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Historical perspective of McIlroy's latest romp

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Streeter Lecka/Getty Images

World No. 1 Rory McIlroy strengthened his grip on that spot with a virtuoso performance at the Wells Fargo Championship last week, his 12th top-five finish and sixth win in his last 19 starts.

His 21-under-par total of 267 broke the tournament scoring record by five shots, and his third-round 61 (-11) broke the tournament single-round record of 62, which he set in the final round of his win in 2010.

Third round for the ages

McIlroy took control of this one Saturday with his tournament-record 61, which featured nine birdies in a 10-hole stretch.

Entering the day three shots off the lead, he was four shots in front when the round was over, making this the third time in his last five stroke-play victories that he’s held at least a four-shot lead entering the final round.

His third round was a ball-striking clinic: Despite making 11 birdies (a career best on the PGA Tour) and needing 23 putts (more on that later), McIlroy didn’t make any putt longer than 14 feet, 5 inches all day.

McIlroy’s average successful birdie putt traveled 7 feet, 3 inches, and four of them came from inside 5 feet.

His tee-to-green dominance began with the driver, where he led the field in driving distance at 321.1 yards. His final three drives of the round Saturday traveled an average of 342.3 yards, and that distance allowed him to handle Quail Hollow’s most difficult holes with relative ease.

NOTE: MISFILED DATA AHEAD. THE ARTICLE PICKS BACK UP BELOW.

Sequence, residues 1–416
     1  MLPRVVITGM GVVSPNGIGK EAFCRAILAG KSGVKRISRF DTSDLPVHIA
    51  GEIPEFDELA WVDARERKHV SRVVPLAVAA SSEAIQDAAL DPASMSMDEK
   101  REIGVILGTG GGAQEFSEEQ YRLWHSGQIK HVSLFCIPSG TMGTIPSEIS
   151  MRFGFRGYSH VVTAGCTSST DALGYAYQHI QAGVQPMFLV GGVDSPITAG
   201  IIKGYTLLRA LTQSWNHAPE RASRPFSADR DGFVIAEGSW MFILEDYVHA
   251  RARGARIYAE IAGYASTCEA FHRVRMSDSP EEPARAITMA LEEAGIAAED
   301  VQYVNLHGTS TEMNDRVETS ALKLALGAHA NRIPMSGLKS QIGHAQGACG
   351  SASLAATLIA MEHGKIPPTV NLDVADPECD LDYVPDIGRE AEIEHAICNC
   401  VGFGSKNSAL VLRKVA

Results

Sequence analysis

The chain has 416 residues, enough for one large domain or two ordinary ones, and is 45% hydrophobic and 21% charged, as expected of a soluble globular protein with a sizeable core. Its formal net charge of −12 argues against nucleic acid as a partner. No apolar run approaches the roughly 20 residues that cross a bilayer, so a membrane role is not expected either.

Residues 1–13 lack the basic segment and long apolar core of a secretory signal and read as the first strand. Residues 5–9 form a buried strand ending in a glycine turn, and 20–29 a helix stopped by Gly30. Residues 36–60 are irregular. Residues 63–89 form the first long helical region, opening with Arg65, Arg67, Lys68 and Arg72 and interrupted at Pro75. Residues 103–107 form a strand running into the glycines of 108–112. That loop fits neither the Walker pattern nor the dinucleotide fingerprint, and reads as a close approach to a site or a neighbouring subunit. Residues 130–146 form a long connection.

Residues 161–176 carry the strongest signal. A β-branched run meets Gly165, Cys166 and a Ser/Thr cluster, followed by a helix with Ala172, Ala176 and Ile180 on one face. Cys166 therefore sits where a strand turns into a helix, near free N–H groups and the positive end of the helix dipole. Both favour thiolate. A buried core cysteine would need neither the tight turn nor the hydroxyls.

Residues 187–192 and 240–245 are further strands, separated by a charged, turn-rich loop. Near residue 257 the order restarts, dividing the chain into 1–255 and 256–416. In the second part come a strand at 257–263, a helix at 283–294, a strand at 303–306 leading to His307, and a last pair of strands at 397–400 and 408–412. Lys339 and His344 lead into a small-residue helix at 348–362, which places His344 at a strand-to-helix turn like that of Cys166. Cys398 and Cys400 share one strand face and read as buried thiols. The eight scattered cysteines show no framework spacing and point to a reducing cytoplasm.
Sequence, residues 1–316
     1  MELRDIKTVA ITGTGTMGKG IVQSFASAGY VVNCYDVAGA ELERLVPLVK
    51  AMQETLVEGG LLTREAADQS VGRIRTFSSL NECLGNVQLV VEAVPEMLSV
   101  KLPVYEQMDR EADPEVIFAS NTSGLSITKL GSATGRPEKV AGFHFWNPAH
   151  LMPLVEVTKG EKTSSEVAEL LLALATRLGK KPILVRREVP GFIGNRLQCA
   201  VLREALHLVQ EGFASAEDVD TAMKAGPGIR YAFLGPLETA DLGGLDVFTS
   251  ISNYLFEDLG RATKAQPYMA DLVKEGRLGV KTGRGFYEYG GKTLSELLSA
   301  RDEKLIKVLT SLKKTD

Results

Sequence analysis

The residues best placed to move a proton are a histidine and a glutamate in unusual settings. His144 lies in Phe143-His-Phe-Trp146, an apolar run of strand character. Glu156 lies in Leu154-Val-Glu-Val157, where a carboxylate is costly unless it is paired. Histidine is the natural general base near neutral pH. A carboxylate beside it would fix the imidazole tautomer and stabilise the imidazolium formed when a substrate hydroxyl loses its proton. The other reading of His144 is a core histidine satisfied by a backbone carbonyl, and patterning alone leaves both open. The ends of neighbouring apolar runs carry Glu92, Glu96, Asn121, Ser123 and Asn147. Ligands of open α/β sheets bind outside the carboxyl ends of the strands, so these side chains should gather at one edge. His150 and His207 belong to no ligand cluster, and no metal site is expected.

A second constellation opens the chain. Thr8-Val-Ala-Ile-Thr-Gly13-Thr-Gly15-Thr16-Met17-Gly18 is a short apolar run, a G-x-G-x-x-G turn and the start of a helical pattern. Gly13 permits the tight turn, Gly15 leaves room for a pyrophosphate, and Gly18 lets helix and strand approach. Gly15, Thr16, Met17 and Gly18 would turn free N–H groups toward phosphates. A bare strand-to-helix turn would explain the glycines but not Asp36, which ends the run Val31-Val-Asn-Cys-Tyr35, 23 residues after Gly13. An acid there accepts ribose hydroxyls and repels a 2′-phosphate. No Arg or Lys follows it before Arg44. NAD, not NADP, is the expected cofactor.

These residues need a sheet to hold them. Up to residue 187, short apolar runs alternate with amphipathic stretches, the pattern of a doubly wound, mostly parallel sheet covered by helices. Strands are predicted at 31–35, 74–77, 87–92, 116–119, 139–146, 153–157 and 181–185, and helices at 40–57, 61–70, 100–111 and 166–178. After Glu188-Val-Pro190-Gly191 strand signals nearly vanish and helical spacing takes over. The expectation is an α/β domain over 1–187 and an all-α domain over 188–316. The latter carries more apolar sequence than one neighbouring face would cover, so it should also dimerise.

During the tournament, the 18th and 16th holes played as the most difficult and second-most difficult holes, respectively. But McIlroy’s massive drives gave him approach shots of 144 yards (16th) and 134 yards (18th) on those holes. Both of those holes played longer than 490 yards on the scorecard last week.

He was two under on those holes for the week -- 4.43 strokes better than field average.

Par-5s were par-4s

As usual, McIlroy cleaned up on the par-5s, making 13 birdies or better -- tied with Patrick Rodgers for the field lead. McIlroy’s distance off the tee allowed him to go for the green in two on a par-5 (or off the tee on a par-4) on 19 occasions -- second-most in the field.

On those 19 holes, McIlroy was 15 under, the best score relative to par of the week when going for the green. That was thanks to remarkable accuracy on those shots: an average proximity to the hole of 48 feet when he went for it, by far the best of any player who attempted at least 15 such shots.

Lapping the field -- again

It all added up to a seven-shot advantage for McIlroy, his third win with that margin or larger out of 11 total wins on the PGA Tour.

Since the start of the 1997 season (Tiger Woods’ first full season on the PGA Tour), Woods has 12 wins by seven shots or more on Tour. Even though McIlroy didn’t get his first PGA Tour win until 2010, his total of three such wins is second on Tour since Woods’ first full season.

Since the start of 2011, McIlroy’s three wins by seven shots or more equals the total from the rest of the players on the PGA Tour combined.